Mumbai: India’s bellwether stock index, the Bombay Stock Exchange’s (BSE) Sensex, soared towards the psychologically important 10,000 mark on Friday, powered by pent-up energy from traders who missed Thursday’s strong rally in Asian markets because Indian markets were closed on account of Bhai Dooj, a Hindu festival.
The Sensex closed at 9,788, adding 8.22% or 743 points, but analysts said the rally will last if only the central bank steps in with aggressive support by cutting rates and releasing money into the system.
After the recent spate of rate cuts by central banks across the globe, led by the US Federal Reserve, many more central banks are expected to announce rate cuts next week. This could see at least some of the funds parked in safe and liquid US treasury bonds coming back to Asian equity markets, according to global analysts. The allocation of such capital will favour those Asian markets where central banks are more focused on growth, these analysts add.
Also See Fluctuating Trend (Graphic)
Local brokerages and fund managers are hoping to see some support action by the Reserve Bank of India (RBI) in terms of a cut in its policy rate as well as cash reserve ratio (CRR) or the portion of deposits that commercial banks are required to keep with RBI. This expectation has increased with the overnight call money market rate shooting up sharply to at least 20% on Friday. The liquidity crunch in the financial system was evident as banks stashed cash ahead of a Rs10,000 crore government bond sale. RBI had earlier cancelled two bond auctions to stop draining liquidity.
Apart from cutting its policy rate by 100 basis points, RBI slashed CRR by 250 basis points, releasing Rs1 trillion into the system, after overnight rates soared to 23% in the second week of October.
The National Stock Exchange’s broader 50-stock Nifty index gained about 188 points or 7% to close at 2,885. The rupee also rose on Friday’s trade to 49.4 against the dollar, on expectations of some foreign funds buying local stocks.
According to the provisional data of BSE, foreign institutional investors (FIIs) were net buyers of Rs1,237.21 crore as of today. So far this year, FIIs have pulled out $12.78 billion (Rs63,005 crore) from Indian equities after pumping $17.36 billion in 2007.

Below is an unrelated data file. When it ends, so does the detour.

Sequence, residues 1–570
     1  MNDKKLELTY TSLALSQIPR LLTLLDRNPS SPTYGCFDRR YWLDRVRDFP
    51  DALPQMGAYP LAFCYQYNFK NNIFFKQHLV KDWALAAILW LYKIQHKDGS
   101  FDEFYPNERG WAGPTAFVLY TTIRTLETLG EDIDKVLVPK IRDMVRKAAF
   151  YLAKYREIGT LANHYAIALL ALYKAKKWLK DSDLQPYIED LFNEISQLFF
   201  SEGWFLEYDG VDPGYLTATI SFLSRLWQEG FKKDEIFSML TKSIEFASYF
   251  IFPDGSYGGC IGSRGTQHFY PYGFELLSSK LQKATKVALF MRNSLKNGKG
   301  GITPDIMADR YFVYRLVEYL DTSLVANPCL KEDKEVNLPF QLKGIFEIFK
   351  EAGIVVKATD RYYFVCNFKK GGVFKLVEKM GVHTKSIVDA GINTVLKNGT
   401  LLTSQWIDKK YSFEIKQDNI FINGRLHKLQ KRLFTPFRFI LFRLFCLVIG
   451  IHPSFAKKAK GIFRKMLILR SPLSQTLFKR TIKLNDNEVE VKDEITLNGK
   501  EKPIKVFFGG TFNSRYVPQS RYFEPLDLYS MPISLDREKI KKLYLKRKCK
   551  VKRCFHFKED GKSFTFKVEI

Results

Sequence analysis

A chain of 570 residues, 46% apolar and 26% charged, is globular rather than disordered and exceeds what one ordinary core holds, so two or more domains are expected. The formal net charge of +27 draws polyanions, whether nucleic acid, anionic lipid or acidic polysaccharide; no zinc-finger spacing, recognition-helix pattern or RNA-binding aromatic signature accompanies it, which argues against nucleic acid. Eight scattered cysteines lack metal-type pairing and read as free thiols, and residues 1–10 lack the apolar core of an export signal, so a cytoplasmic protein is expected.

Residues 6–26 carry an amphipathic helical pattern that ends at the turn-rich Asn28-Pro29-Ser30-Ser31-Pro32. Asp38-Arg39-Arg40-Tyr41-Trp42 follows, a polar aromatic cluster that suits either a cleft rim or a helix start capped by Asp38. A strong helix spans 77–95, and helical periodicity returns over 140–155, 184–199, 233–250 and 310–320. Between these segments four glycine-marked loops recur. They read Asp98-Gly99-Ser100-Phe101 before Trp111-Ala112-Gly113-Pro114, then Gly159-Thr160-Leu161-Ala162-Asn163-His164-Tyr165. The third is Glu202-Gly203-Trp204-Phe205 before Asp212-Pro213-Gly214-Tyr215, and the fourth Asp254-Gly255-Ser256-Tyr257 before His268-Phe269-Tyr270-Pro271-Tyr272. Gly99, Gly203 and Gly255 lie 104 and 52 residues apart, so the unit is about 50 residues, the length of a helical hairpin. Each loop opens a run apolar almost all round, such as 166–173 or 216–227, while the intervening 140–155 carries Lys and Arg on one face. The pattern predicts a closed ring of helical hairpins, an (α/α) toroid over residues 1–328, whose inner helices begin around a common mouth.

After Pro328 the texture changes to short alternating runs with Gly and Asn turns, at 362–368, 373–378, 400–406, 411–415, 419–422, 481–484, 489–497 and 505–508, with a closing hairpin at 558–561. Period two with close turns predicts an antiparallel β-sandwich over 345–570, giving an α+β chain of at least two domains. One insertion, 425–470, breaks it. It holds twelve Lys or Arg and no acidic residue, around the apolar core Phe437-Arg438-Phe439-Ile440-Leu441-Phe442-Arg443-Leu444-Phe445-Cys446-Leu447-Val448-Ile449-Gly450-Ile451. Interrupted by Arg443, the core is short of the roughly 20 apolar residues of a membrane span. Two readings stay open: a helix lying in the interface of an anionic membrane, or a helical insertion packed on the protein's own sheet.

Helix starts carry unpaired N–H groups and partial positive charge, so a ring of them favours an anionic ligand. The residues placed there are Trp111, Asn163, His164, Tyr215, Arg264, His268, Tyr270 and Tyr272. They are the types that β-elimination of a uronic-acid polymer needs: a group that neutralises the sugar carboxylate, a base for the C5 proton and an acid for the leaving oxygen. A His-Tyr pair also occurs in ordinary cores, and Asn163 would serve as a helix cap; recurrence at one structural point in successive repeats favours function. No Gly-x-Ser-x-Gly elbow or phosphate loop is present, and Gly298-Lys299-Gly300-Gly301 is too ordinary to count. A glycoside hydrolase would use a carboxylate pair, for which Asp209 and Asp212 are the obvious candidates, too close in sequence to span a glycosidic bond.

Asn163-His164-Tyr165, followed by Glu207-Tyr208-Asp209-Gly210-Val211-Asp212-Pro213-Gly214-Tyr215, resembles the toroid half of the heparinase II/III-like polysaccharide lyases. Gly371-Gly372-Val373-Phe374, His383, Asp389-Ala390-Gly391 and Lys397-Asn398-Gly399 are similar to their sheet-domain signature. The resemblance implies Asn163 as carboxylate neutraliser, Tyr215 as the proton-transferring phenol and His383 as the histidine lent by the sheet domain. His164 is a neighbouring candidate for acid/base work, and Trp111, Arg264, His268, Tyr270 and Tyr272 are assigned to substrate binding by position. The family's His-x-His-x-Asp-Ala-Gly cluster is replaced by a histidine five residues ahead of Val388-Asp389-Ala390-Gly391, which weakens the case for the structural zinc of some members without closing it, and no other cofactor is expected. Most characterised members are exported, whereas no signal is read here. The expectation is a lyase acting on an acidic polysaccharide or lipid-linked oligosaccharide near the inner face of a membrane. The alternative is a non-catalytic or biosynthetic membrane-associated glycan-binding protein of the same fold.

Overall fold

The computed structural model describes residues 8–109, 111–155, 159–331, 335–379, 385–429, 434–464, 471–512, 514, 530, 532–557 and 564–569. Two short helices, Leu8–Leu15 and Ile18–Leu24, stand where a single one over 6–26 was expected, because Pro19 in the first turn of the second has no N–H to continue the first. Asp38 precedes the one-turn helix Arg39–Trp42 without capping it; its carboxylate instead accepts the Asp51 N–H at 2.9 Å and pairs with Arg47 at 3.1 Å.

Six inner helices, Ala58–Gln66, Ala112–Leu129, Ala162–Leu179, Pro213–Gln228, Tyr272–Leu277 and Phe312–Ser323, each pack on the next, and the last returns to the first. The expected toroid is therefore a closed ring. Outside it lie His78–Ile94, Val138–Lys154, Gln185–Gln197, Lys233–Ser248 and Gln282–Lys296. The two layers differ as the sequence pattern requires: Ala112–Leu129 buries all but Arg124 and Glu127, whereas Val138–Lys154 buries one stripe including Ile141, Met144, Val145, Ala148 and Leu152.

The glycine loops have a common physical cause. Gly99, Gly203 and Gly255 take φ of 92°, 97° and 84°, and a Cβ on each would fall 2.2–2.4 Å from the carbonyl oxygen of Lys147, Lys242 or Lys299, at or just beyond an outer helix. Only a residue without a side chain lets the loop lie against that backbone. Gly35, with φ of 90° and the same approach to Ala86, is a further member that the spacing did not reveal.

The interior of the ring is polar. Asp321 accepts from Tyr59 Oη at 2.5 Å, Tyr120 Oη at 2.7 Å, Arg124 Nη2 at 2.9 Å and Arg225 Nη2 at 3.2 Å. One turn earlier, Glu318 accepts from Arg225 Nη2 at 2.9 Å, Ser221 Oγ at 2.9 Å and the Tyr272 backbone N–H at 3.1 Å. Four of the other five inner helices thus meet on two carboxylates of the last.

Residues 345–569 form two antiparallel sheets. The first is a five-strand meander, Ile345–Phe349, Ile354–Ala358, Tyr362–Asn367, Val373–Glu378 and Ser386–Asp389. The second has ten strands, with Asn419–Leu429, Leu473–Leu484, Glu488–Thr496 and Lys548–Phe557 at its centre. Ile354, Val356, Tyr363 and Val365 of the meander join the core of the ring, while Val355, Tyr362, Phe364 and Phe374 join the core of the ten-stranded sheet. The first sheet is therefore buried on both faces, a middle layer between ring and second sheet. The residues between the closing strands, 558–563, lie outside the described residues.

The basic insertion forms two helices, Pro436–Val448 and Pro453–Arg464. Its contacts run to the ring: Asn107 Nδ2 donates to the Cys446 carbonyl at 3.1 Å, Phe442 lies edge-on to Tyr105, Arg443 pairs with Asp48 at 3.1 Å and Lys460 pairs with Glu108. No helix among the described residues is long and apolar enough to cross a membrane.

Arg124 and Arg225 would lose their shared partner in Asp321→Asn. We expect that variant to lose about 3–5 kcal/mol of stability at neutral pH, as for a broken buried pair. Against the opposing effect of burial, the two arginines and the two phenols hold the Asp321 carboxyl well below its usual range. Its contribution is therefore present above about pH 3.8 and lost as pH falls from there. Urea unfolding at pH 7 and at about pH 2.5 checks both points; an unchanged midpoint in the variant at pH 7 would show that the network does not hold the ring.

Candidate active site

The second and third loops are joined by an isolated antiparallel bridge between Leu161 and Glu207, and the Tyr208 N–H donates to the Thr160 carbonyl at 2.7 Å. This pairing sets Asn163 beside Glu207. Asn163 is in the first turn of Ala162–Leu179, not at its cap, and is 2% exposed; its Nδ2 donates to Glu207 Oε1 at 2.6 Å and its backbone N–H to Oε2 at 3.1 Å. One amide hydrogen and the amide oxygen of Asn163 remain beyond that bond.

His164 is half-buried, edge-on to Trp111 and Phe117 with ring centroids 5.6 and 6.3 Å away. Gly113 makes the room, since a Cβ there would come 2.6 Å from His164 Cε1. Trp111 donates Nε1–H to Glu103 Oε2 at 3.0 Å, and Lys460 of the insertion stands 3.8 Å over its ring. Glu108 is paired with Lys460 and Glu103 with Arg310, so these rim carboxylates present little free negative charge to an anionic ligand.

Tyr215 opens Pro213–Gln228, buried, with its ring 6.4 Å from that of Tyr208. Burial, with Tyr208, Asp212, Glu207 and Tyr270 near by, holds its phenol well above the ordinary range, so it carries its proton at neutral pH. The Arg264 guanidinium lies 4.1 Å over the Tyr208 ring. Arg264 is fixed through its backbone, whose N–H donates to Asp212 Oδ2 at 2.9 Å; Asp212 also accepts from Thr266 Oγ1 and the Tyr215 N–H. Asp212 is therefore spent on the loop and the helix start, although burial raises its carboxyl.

US equities rallied on Thursday as credit worries eased, the economy shrank slower than expected and Exxon Mobil Corp. registered record quarterly profits. Earlier in the day, the US Fed’s rate cut and new credit swap lines with some Asian and South American economies drove up Asian markets. On Friday, the Dow Jones Industrial Average opened flat at 9,179.09 and was trading at 9,181.64 at 8.15 pm India time.
Central banks in China, Hong Kong and Taiwan took their cue from the US Fed and cut interest rates. On Friday, Asia’s largest economy slashed a key interest rate by 20 basis points but the Bank of Japan’s measure fell short of market expectations, resulting in a 5% slump in the Nikkei. Other key markets such as China and Hong Kong also fell on Friday.
Institutional investors and analysts are now expecting rate cuts in other regions and an announcement from the European Central Bank.
Standard and Poor’s (S&P) Ratings Services’ affirmation of India’s long-term and short-term sovereign credit rating with a stable outlook on the former also contributed to Friday’s rally. The ratings reflect the country’s strong economic growth prospects and its deep government debt market, which helps accommodate its weak fiscal position. “India’s economic prospects remain strong with growth likely to average more than 7% in the medium term,” said S&P’s credit analyst Takahira Ogawa. “Underpinning that growth is the gradual deregulation of the industrial sector, continued trade liberalization, a dynamic service sector, and modest improvements in infrastructure.”
“There is the potential positive news stemming from further coordinated interest rate cuts,” said Christopher Wood, chief strategist of CLSA Asia-Pacific Markets, in his research report on Thursday.
With some Asian central banks taking an aggressive stance to support growth in their markets by cutting interest rates to combat deflation that is threatening the global financial system, institutional investors in Asia are allocating more capital to these markets.
Mark Mathews, Merrill Lynch’s Asia strategist, is going overweight on countries such as Hong Kong, Australia and China, and expects to see in these the “largest rate cuts between now and the end of next year”.
While many investors say that emerging markets equities are now witnessing irrational forced selling by Western investors scrambling to strengthen balance sheets and meet redemptions, according to Mathews, recent days have also revealed the soft underbelly of emerging markets, “with Iceland, Ukraine and Hungary going cap in hand to the IMF.”
Many emerging markets including Brazil, Russia, India and China (Bric) markets are expected to continue being vulnerable to strong foreign portfolio capital outflow.
“As recipients of large capital inflows in the past, the Brics are vulnerable to a capital pullback from developed countries,” said Thursday’s economic report by US-investment bank Goldman Sachs Group Inc.
According to the report, China is the least vulnerable of the four countries owing to strong external reserves, a relatively better bank deposits:loan ratio, and a currency that does not appear to be misaligned.
The vulnerability rankings of Asian countries by Merrill Lynch’s economics team indicates that currently India is the third most vulnerable in the region, next to South Korea and Indonesia.
Reuters contributed to this story.
Graphics by Ahmed Raza Khan / Mint